Thursday Must Read: Whitman Maid Scandal and Latino Voters; More Polls Show Boxer with Strong Lead



Stories you shouldn’t miss:

1. Allegations that Meg Whitman knowingly employed an illegal immigrant housekeeper and then fired her when she launched her bid for governor promises to further damage the ex-CEO’s chances with Latino voters. At a tearful news conference yesterday, the maid, Nicandra Diaz Santillan, alleged that Whitman exploited her and had received several notices from the Social Security Administration raising red-flags about Diaz’s immigration status. Whitman acknowledged employing Diaz for nine years, but said she never received the notices and didn’t learn that Diaz was an illegal immigrant until just before firing her in 2009. Diaz’s attorney, Gloria Allred, told the Mercury News that she will release more “evidence” today. Either way, pictures of the weeping Mexican immigrant will surely damage Whitman’s standing with Latinos. Throughout the campaign, Whitman has called for a crackdown on employers who hire illegal immigrants.

2. Two new polls confirm that Democrat Barbara Boxer has opened up a strong lead over Republican Carly Fiorina in the US Senate race, reports. A Public Policy Institute of California poll shows Boxer ahead by seven points, while a CNN-Time poll shows her with a nine-point advantage. The new polls, however, came up with conflicting results in the governor’s race. The CNN-Time poll has Jerry Brown ahead by nine points, while the PPIC poll shows the race as dead even.

3. The Oakland police union wants the city to rehire fourteen cops laid off in July to replace those who have retired or resigned since then, the Trib reports. The police union notes that the city’s authorized force is 696 officers, but there are only 682 cops on the payroll. But City Administrator Dan Lindheim said it makes no sense to hire back the laid-off officers because the city may be forced to lay off another 122 cops if Measure X, the $50 million parcel tax, fails in the November election.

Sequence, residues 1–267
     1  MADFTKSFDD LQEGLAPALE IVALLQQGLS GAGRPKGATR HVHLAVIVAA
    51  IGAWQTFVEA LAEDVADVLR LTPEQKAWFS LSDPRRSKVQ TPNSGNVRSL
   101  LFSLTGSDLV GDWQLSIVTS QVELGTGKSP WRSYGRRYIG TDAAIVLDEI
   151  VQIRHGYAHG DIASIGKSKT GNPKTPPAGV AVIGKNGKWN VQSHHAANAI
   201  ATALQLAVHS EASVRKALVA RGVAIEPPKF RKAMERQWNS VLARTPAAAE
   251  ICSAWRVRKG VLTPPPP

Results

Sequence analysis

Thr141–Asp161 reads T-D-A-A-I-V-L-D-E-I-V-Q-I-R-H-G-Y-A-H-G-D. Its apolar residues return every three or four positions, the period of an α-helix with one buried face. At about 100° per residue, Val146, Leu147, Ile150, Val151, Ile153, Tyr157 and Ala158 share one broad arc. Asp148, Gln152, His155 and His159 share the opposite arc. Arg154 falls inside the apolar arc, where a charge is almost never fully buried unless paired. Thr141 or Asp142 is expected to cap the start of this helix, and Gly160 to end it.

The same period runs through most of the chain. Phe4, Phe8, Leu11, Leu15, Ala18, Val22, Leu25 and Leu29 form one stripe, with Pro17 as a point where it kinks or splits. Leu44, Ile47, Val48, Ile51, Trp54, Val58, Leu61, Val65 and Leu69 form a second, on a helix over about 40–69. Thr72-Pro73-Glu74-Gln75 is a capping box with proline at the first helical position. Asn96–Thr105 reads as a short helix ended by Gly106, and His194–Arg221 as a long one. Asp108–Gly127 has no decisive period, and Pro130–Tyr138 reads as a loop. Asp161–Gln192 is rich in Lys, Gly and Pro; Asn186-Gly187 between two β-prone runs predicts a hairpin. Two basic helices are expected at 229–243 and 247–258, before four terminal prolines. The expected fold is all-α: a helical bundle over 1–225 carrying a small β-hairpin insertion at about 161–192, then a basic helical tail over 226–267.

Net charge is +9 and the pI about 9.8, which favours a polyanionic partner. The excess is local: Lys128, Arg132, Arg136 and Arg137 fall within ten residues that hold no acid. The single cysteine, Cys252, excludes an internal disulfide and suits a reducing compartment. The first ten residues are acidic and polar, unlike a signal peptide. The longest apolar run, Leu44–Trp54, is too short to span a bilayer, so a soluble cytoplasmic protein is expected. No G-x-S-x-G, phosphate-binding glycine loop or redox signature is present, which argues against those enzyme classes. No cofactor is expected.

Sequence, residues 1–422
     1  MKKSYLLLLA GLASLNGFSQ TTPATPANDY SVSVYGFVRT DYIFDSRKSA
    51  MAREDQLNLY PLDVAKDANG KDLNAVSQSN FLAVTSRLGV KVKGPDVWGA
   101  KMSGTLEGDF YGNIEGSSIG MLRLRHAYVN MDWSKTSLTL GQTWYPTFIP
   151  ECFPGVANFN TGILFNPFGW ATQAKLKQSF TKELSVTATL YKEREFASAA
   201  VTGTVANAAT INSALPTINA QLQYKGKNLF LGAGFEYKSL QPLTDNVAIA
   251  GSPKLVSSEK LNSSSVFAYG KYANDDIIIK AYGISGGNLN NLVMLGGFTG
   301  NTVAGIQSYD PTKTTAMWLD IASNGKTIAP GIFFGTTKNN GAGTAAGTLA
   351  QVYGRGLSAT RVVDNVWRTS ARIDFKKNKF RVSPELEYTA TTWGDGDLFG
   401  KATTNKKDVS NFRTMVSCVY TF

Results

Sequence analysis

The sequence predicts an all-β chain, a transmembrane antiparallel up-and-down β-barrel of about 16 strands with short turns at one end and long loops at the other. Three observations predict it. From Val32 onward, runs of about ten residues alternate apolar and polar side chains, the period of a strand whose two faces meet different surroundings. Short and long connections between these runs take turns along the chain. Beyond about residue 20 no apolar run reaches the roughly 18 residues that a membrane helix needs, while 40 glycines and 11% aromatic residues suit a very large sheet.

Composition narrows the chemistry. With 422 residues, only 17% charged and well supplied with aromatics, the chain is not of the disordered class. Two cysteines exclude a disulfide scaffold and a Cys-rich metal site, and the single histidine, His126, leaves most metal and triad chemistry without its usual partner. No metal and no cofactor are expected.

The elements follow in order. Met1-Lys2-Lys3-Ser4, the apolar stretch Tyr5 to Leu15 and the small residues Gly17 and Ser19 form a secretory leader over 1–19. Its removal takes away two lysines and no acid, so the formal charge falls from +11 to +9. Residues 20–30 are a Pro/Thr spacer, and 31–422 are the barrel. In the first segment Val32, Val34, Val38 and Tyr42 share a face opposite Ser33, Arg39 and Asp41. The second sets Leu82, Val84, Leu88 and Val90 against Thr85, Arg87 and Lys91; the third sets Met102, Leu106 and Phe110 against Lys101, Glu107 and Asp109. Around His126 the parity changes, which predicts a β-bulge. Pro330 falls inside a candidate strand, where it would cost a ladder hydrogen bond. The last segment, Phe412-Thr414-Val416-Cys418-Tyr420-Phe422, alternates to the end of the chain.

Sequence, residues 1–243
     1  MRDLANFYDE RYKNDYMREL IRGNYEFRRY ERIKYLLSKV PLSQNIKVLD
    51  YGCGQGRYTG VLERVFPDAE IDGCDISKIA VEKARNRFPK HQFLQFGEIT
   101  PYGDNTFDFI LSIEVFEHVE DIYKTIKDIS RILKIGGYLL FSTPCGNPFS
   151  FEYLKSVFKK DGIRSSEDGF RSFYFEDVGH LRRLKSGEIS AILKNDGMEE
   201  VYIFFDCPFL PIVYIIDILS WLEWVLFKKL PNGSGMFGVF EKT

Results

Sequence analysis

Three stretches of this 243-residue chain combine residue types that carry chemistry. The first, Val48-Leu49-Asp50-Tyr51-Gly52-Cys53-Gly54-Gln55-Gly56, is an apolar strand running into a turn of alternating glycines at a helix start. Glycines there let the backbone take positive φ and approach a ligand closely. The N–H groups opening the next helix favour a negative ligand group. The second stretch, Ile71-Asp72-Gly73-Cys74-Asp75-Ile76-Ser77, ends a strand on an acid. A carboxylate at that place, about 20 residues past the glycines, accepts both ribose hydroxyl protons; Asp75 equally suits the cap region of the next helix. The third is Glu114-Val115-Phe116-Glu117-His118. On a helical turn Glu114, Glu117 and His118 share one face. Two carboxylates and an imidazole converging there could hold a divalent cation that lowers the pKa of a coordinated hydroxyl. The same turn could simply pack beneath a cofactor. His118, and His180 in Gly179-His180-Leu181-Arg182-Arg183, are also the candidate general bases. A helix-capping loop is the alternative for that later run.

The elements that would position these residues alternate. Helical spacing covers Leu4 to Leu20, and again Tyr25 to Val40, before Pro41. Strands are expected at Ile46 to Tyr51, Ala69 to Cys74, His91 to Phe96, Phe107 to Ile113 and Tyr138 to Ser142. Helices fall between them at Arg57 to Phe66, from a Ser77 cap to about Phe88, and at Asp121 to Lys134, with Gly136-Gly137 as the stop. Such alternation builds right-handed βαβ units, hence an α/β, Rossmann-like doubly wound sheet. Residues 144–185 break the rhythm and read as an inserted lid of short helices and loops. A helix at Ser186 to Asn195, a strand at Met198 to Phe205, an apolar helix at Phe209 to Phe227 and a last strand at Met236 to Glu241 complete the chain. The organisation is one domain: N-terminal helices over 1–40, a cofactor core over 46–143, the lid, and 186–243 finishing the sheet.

4. The California Supreme Court delayed the execution of condemned murderer Albert Greenwood Brown until 2011 to provide more time to review the state’s revised procedures for putting inmates to death, the Chron reports. State officials had hoped to execute Brown this week before California’s supply of the lethal-injection drug sodium pentothal expires. The state won’t be able to acquire more of the drug until early next year.

5. Governor Schwarzenegger vetoed a bill yesterday that would have prohibited retailers from charging fees when consumers use debit cards, the Chron reports. Schwarzenegger said the bill would have forced retailers to spread the fees to consumers who don’t use debit cards.

6. And federal Judge Vaughn Walker, who overturned California’s anti-gay-marriage law in August, said he plans to retire at the end of the year, the Chron reports.